I think I’ve finally come up with a way to articulate what drove me out of church (leaving aside that one time when I was actually invited to leave). It’s an attitude that gets projected a lot, and I’m not sure people even know they’re projecting it, because it’s highly unflattering. It goes a little something like this…
“I already have to be right, and now you expect me to be kind, too?”
Being right is tiring on its own. Constantly having to defend yourself against those who would disagree with you; spending your spare time finding more, and more involved, proof that yours is the correct view; ducking and dodging people whose questions you can’t answer, or attacking them. Whew.
Being kind is also tiring on its own – think of the last time you had a bad day, and recall how hard it was to be even marginally polite to anyone until you felt better – and sometimes, it contradicts some of those aspects of being right. In order to be kind, for example, you’d have to listen calmly and engage in polite discussion with the person who disagreed with you. Ugh.
So I get it. Being right is exhausting, and being kind is also exhausting, and being both is just too much for any human being to bear.
Which, then, should take priority? Being right, or being kind?
The attitude that drove me out of church says that being right is paramount. If I’m right, I don’t have to be kind, humble, peaceful, patient or self-controlled. I’m under no obligation to reach out to those on the other side of [insert issue here] from me; since I’m right, I can just call them names and move on, secure in my justification.
What do I say to this?
Well, since this blog says in the title that it’s about Christianity and stuff, I’m going to dig around in the Bible.
But the fruit of the Spirit is love, joy, peace, forbearance, kindness, goodness, faithfulness, gentleness and self-control. Against such things there is no law. (Galatians 5:22-23)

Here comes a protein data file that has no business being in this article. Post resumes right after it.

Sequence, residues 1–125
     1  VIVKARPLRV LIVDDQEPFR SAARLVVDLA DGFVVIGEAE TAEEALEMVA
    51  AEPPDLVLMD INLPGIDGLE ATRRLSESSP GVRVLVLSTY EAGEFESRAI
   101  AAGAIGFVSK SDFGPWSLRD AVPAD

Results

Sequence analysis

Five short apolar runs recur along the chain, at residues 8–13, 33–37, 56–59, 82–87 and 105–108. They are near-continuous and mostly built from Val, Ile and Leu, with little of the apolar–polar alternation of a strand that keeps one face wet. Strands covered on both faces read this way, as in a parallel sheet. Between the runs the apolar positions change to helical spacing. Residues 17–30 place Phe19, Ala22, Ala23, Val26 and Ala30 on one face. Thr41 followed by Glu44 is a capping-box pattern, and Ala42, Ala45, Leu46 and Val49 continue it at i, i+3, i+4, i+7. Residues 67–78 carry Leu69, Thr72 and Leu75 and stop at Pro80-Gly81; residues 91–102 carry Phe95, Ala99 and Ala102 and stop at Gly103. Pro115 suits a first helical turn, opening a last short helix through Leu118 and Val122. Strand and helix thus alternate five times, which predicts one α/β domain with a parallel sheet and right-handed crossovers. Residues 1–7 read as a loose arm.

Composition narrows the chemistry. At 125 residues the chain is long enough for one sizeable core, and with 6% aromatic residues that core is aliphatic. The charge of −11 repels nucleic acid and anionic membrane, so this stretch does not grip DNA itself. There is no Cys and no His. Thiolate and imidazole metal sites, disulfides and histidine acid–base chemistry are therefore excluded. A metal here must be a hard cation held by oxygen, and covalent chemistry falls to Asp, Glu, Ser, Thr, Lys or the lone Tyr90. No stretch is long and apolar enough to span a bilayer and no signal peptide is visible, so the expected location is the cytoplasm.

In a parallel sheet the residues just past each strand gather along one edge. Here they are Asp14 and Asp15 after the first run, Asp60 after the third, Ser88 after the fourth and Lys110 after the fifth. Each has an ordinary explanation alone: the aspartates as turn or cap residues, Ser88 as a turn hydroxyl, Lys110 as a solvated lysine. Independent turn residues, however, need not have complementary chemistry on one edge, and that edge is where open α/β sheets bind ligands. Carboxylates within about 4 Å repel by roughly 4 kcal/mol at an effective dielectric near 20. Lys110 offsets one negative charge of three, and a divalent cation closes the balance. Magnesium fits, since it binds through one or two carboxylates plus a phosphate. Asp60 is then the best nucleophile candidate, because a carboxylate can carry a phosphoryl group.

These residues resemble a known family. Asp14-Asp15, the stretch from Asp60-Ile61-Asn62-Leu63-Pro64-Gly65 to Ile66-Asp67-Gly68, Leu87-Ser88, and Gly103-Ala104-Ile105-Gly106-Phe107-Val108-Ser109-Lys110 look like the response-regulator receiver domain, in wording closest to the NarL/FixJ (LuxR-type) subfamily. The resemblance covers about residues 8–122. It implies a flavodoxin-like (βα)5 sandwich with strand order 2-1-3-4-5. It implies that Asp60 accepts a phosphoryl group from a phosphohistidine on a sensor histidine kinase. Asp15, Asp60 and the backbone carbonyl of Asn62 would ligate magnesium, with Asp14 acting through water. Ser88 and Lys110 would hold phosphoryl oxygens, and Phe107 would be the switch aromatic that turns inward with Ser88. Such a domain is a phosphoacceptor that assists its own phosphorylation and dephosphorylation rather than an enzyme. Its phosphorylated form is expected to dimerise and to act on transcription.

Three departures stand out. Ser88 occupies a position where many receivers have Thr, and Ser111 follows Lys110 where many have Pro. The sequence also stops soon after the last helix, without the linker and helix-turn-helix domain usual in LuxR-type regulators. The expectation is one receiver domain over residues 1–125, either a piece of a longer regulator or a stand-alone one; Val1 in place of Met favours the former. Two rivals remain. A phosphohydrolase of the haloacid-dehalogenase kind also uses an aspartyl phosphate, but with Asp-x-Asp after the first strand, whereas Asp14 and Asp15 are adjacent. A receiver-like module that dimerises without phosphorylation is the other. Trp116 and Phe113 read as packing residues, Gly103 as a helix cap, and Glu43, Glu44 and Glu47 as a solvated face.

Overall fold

Love is patient, love is kind. It does not envy, it does not boast, it is not proud. It does not dishonor others, it is not self-seeking, it is not easily angered, it keeps no record of wrongs. Love does not delight in evil but rejoices with the truth. It always protects, always trusts, always hopes, always perseveres. (1 Corinthians 13:4-7)
Hearing that Jesus had silenced the Sadducees, the Pharisees got together. One of them, an expert in the law, tested him with this question: “Teacher, which is the greatest commandment in the Law?”
Jesus replied: “‘Love the Lord your God with all your heart and with all your soul and with all your mind.’ This is the first and greatest commandment. And the second is like it: ‘Love your neighbor as yourself.’ All the Law and the Prophets hang on these two commandments.” (Matthew 22:34-40)
Anything in there about being right?
No, but there’s an awful lot in there about being kind.
I’m sure being right is very important. Lots of things are very important. Kindness, though, is name-dropped as a fruit of the Spirit. Kindness is presented as evidence of an attitude of love, which itself is the summation of the Law and the Prophets.
Might I suggest that if being kind and being right at the same time is just too exhausting, you set aside the pursuit of rightness and just be kind? You’ll still be tired, but my guess is it’ll be a good tired, like the one an athlete gets after a victory or like the one I get after a performance.
And for you musical learners like me: Last I checked, the words weren’t “And they’ll know we are Christians ’cause we’re right.”